- Actually took a legal interest in the real estate that was subject to foreclosure;
- Took money from any third party for these services and failed to disclose this to the owner;
- Took power of attorney from the property owner; or
- Defrauded the owner into signing an illegal contract related to the property.
Please refer to the previous example of Mary and Oliver. Oliver is guilty of foreclosure fraud because he obtained a legal interest in Mary’s condo through his foreclosure services when she signed the deed under false pretenses.
Note that Oliver would also be guilty of foreclosure fraud if he charged Mary an excessive fee for his services or took money from a third party for his services and failed to disclose the information to Mary.
Under California law, this is prosecuted under Civil Code Section 890.
There are two ways in which someone could be prosecuted for this crime.
Under the first scenario, a person would be guilty of the crime if the accused did the following:
- Rented residential property during the first year that the property was acquired; and
- Failed to apply those proceeds to the mortgage.
Under the second scenario, the defendant would have to do the following:
- Pretend to own property that he or she does not actually own;
- Rent the property fraudulently without the right to do so;
- Keep any of the rental proceeds.
It should be noted that most states only consider rent-skimming a crime if it is committed on more than one occasion. However, a one-time act of rent-skimming could subject a defendant to a civil suit.
In California, this is prosecuted under Penal Code 115 PC.
The law states that it is a crime for an individual to do the following:
- Intentionally file, record, register a forged or false document; and
- File the document with a governmental office, such as a county clerk’s office.
Examples of this type of fraud would be filing a forged deed.
While these are some of the most common types of real estate fraud, other examples would include the following:
- Phantom Help Scam; (Foreclosure assistance company promises an individual who owns real estate that they can avoid foreclosure with an upfront fee, takes the money, but performs no service. After that, the homeowner is unable to prevent the foreclosure);
- Straw Buyer Schemes; (The actual buyer cannot purchase the property for a particular reason, for example, they have bad credit. Thus, a straw buyer is used. If this transaction defrauds someone, or it is unlawful for the genuine buyer to purchase the property, this is a crime)
- Illegal Property Flipping; (Fraudulently inflating the value of the property at the time of the appraisal so that an innocent person buys the property at the inflated price and the bank lends money on the real estate property for more than its actual value). Again, this would elevate the crime to prosecution at the federal level since a financial institution, the bank, is involved. (This is not a crime if a person buys a home, makes significant changes or improvements to the house, and resells it at a higher price)
- Predatory Lending; (A mortgage broker creates the loan for a buyer and does so with unnecessary fees that do not benefit the borrower).
Federal Real Estate Fraud Sentencing
There are many different types of sentencing for convictions of this crime.
As stated above, these crimes are wobblers, meaning they can be charged either as misdemeanors or felonies, with felonies carrying harsher penalties.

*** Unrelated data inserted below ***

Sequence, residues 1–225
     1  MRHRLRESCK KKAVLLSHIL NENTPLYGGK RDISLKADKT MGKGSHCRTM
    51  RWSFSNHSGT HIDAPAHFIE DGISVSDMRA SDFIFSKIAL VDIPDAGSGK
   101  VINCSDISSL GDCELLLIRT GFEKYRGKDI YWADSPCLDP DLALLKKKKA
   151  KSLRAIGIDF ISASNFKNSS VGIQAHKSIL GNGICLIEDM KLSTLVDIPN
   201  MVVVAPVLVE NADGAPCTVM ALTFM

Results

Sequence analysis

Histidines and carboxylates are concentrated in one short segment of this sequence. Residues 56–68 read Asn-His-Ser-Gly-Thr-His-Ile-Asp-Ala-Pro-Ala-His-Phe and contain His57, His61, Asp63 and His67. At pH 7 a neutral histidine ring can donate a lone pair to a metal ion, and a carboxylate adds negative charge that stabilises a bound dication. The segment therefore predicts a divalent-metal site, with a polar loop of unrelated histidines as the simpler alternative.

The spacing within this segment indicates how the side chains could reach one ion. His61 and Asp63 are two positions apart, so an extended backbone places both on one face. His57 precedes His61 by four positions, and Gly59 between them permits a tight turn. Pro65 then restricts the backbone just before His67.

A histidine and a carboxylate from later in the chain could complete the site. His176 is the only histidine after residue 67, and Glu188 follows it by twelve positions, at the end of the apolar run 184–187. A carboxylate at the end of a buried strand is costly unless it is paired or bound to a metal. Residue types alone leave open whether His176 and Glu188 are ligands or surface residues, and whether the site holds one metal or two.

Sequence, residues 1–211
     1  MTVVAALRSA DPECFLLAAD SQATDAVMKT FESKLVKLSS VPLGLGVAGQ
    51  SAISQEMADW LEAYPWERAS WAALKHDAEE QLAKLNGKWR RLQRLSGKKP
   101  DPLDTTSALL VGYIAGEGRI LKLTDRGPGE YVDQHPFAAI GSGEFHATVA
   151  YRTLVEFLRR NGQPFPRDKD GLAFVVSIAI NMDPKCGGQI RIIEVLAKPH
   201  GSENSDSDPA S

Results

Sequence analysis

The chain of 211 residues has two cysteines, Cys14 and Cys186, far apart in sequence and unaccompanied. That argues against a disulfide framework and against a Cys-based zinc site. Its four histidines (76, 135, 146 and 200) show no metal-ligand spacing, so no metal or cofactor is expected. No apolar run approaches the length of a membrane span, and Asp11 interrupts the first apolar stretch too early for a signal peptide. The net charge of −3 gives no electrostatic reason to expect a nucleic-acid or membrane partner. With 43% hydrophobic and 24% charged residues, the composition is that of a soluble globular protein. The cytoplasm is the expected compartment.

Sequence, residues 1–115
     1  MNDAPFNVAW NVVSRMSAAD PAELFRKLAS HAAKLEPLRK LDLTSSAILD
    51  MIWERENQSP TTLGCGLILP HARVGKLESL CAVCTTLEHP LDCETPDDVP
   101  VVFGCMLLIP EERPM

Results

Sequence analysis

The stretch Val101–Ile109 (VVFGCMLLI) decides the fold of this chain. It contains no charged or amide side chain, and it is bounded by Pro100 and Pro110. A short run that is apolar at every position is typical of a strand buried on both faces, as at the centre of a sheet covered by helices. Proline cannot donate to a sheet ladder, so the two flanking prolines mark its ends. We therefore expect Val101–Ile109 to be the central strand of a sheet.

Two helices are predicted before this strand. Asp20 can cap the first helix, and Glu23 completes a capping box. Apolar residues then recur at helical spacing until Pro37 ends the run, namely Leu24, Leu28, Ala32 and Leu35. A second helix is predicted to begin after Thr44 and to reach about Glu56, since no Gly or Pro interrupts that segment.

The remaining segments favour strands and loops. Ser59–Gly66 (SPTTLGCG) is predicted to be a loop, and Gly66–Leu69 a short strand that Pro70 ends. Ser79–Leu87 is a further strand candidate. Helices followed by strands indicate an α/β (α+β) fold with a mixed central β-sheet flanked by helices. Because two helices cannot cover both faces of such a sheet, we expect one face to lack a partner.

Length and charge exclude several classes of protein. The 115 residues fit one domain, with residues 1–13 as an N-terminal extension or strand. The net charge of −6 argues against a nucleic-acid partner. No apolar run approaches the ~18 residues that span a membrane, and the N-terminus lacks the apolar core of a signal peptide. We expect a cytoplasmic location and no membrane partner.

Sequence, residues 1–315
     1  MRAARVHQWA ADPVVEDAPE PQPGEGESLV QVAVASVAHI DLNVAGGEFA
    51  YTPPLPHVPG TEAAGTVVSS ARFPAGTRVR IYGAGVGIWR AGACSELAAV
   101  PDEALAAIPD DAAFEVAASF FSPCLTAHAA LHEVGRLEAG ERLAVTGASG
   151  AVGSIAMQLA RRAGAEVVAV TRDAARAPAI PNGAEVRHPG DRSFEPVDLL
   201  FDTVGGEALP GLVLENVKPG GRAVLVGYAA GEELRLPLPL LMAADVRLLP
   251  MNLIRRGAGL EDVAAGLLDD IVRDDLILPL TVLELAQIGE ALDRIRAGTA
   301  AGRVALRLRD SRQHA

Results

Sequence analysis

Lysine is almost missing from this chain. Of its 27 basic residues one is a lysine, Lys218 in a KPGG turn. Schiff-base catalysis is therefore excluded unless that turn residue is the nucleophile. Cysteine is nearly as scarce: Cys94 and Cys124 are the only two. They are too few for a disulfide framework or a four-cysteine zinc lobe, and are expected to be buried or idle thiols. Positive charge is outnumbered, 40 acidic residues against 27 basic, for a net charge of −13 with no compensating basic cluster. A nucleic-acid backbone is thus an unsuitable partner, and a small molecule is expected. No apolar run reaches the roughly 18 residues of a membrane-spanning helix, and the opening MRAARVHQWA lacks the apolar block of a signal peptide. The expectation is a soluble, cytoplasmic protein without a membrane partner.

For example, misdemeanor grand theft would be punishable for up to one year in county jail. ‘
A felony conviction would be punishable by a maximum jail sentence of three years. Foreclosure fraud carries the same penalties as does rent skimming. However, it should be noted that a one-time offense of rent skimming does not lead to criminal charges; a one-time rent skimming act would subject someone to civil penalties. If you file forged documents, such as a deed, this is a felony and punishable in county jail for up to three years as well as a fine of up to $10,000.
Fighting/Defending Federal Real Estate Fraud
You need an experienced federal defense attorney to assist you in defending against these serious crimes and potential convictions and penalties.
In most of these cases, the prosecution must prove intent to defraud. However, their case will attempt to show that a defendant knowingly intended to defraud a person or business. The best way for the defense to defend against such accusations is to show that the defendant made a mistake and did not intend to defraud anyone.
Real estate transactions are complicated and full of intricate nuances during the often-complicated process of buying or selling real estate. Many documents are filed, lengthy contracts are signed which may be difficult to understand, and information is obtained to secure a loan. Some individuals may sign something by accident without knowing precisely what is being signed. Others may provide inaccurate information to a lender simply through an innocent mistake.
When there is no intent to defraud, there is no crime. This will be the cornerstone of your defense in fighting a real estate fraud charge.
An experienced defense attorney can help you prepare the best possible defense to challenge the prosecution’s case.
We Want to Help
If you are being charged with real estate fraud, either on the state level or federal level, in the Los Angeles area, contact us today for a free consultation. Your freedom depends on finding an experienced defense attorney immediately. The sooner you reach out, the sooner we can work on your legal defense which may involve avoiding an arrest or charges being filed. Assuming charges have already been filed, an experienced defense attorney can potentially have your case drastically reduced or dismissed entirely.
If you or a loved one is being charged with real estate fraud, we invite you to contact us immediately for a free case review.
Our experienced and assiduous attorneys will be sure to fight until the end to protect your interests and possibly reduce or drop your charges entirely.
Call Us for a FREE Case Review: 310-274-6529
How to Win Your Case
We cannot stress enough that you read, understand and follow these 10 basic rules if you are criminally charged or under investigation:
- Don’t ever talk to the police
- Do not discuss your case with anyone
- Everything you tell your lawyer is confidential
- Tell police you need to contact your attorney
- Never consent to any search by the police
- If the police knock on your door, don't answer!
- Realize the consequences of a criminal conviction
- Your lawyer (not you) will contact any witnesses
- Information on your cell phone is evidence
- Early Intervention is the key